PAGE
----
In the current issue of VeloNews, technical writer Lennard Zinn helps you work through the steps necessary to find that perfect position. As mentioned in the article, Alan Hills of Hills-Scientific.com in Boulder, Colorado, has shared a handy program he designed to choose the stems for his bikes. As we promised, we have included Hills’s executable calculator below.
(Editor’s Note, October 2010: The calculator page referred to in this 2003 articles appears to be lost, the victim of our site’s two platform changes since then. But we found a stem calculator site that seems just as useful.)
This executable function is to make it possible for you to predict the reach and rise of the top of your handlebar from the steering tube at the top of your headset with stems of different lengths, angles, and clamp heights.
Note the following, especially noting the method for determining stem angle (and whether it is positive or negative):
Reach is the horizontal distance from center of steerer (at the center of the stem steerer clamp) to bar center.Rise is the vertical height from base of stem steerer clamp (headset top if no spacers under stem) to bar center.Angles are in degrees.Head tube angles are positive.Stem angles are relative to 90 degrees from the steering tube (i.e., a 90-degree stem would have a stem angle of zero).Stem angles are positive if greater than a right angle and negative if less than a right angle.All lengths are in millimeters.If you are using spacers under the stem, add their total thickness to the Rise
Calculating stem length and angle for your bike
To use this executable Web calculator yourself, you first have to figure out where you want your bar to be. You will need to know the head angle of your bike and the angle of your existing stem.
If you already know about where you want it, this may be as simple as acting on the feeling that you want to have your hands, say, 2cm (20mm) further out and a centimeter (10mm) higher than on your current setup. Then you can plug in the specs of your current stem into the formula to see what vertical rise and horizontal reach from the center of the steering tube at the base of the stem clamp you have. You can then add 20mm to the reach and 10mm to the rise and compare those numbers to the rise and reach obtained by plugging different available stem options into the formula.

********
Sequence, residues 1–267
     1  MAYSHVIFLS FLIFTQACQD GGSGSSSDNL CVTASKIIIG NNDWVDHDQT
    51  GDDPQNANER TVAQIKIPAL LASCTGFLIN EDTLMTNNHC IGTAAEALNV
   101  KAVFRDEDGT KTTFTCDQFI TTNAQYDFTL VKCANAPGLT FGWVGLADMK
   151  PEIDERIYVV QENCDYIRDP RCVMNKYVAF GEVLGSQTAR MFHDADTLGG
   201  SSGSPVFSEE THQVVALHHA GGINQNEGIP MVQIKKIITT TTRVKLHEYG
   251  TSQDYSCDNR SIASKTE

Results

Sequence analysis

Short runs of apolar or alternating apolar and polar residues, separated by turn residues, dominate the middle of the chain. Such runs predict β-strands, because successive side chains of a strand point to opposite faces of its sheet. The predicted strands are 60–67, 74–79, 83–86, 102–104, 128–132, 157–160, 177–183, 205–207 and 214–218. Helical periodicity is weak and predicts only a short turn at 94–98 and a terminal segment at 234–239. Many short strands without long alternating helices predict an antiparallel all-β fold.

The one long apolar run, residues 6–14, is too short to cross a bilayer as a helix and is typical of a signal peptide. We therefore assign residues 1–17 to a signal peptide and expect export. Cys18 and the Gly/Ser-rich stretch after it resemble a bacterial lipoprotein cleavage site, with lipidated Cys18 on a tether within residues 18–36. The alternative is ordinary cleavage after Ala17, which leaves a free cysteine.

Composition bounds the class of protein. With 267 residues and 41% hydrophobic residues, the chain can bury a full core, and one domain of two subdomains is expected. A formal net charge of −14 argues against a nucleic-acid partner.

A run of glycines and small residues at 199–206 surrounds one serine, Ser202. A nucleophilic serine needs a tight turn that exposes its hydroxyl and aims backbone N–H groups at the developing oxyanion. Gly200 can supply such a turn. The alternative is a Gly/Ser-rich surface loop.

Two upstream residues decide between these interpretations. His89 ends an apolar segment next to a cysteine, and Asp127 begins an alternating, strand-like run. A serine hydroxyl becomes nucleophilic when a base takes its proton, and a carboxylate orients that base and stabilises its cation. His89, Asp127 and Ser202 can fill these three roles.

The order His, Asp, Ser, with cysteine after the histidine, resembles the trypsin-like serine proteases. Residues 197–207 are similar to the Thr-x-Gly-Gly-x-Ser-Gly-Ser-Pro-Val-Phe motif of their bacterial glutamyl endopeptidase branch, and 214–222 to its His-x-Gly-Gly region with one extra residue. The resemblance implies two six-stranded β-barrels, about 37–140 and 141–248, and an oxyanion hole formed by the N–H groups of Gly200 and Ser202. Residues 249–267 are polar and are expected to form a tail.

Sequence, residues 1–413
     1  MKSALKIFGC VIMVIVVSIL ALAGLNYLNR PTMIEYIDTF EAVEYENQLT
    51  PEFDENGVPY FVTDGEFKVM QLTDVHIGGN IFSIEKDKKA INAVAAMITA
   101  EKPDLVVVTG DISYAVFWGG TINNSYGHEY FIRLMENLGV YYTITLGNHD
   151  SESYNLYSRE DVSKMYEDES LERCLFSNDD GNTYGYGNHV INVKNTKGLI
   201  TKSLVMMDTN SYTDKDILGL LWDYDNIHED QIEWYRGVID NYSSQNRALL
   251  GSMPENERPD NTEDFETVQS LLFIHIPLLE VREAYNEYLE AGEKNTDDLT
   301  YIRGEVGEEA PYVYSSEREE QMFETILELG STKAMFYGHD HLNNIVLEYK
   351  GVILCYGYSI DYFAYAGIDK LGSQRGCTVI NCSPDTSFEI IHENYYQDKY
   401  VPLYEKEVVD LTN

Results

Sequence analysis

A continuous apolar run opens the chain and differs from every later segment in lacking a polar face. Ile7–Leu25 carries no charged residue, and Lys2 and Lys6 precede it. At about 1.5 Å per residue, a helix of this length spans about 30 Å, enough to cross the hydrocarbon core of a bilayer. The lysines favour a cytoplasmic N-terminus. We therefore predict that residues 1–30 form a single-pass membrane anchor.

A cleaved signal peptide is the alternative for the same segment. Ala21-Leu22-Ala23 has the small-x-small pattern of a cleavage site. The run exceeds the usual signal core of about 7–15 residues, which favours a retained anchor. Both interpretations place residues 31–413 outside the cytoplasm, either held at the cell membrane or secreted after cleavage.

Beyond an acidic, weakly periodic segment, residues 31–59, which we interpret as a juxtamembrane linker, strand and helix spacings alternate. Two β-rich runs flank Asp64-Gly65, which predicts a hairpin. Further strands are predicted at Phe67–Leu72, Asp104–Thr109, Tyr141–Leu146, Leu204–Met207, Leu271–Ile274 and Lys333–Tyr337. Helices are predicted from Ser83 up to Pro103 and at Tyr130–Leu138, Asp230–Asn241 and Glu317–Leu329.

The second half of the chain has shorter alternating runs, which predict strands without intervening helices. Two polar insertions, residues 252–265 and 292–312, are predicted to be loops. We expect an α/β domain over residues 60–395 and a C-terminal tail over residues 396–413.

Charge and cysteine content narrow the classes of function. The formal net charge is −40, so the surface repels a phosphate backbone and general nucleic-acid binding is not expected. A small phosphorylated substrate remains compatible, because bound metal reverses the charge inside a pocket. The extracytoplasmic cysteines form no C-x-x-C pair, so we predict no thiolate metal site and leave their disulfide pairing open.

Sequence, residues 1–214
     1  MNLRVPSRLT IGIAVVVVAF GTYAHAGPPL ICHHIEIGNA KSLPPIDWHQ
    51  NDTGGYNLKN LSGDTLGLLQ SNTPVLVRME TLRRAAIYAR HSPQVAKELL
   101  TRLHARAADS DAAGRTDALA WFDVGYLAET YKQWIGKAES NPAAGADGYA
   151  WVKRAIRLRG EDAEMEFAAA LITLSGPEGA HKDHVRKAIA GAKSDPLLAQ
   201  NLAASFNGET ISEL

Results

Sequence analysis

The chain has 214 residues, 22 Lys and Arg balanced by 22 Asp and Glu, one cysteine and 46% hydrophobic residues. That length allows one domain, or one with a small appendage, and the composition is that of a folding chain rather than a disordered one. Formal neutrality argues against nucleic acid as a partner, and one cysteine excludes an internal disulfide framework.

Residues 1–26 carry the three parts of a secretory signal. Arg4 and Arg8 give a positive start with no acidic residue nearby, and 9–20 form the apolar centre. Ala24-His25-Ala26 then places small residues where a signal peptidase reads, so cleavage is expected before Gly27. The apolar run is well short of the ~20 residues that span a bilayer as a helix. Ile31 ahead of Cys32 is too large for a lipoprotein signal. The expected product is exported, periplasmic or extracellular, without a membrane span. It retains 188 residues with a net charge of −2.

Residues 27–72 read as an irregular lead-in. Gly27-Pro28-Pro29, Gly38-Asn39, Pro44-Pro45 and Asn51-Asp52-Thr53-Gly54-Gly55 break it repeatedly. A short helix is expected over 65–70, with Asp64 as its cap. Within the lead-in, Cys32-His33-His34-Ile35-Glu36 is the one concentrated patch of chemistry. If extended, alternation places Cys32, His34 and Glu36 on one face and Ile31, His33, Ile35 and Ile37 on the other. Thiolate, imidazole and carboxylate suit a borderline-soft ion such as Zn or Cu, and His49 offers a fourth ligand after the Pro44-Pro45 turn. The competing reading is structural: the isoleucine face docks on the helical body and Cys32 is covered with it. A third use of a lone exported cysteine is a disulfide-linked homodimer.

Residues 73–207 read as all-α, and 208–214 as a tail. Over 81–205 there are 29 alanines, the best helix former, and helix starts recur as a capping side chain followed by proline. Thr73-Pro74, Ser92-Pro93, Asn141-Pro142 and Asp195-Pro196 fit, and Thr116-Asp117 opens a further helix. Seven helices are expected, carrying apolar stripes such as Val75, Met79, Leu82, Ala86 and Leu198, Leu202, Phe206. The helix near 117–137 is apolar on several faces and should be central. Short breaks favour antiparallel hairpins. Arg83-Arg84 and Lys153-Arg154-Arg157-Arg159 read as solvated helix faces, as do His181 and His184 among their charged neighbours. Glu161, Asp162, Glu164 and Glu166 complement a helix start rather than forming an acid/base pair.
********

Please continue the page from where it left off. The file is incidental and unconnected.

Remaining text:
If you have a quill stem and threaded fork and want to recreate the same position with a threadless fork and stem, you can do that with this executable Web calculator, too. You first need to know the stack heights of your old headset and of your new, threadless one. Subtract the latter from the former to find out how much higher the top of your old headset is. Then, in the calculation for Rise, replace the “stem clamp length/2” term with the distance from the top of the headset to the center of the stem barrel’s intersection with the quill added to the headset stack-height difference. Running these numbers through the formulas, you will come out with the vertical rise you are looking for above the top of your new threadless headset, as well as the horizontal extension from the center of the steering tube at the top of the new headset. Then you can try various specs for a threadless stem with which to replace your quill stem until you find one that gives you the same reach and rise.
If you do not have a starting point from an existing bike, you will need to figure out where to begin. The stem length and angle that will fit you best are obviously dependent on the top tube length and the height of your head tube relative to your saddle, but there is not room here to go into how to determine your frame dimensions and stem length. If you are considering buying a new bike and want to know the dimensions to start with, there are online and print resources as well as your local bike shop. Online, there is a quick bike-dimension calculator on the “Fit” page of www.zinncycles.com that gives seat tube, top tube, and stem lengths. Other online options include www.wobblenaught.com, which offers a far more in-depth fitting, while www.bikefitting.com provides a calculation of seat tube length only online and a listing of where you can find a shop near you equipped with the extensive Bikefitting.com Analysis System. Print fitting options include Appendix C of either ” Zinn & the Art of Mountain Bike Maintenance” or “Zinn & the Art of Road Bike Maintenance.”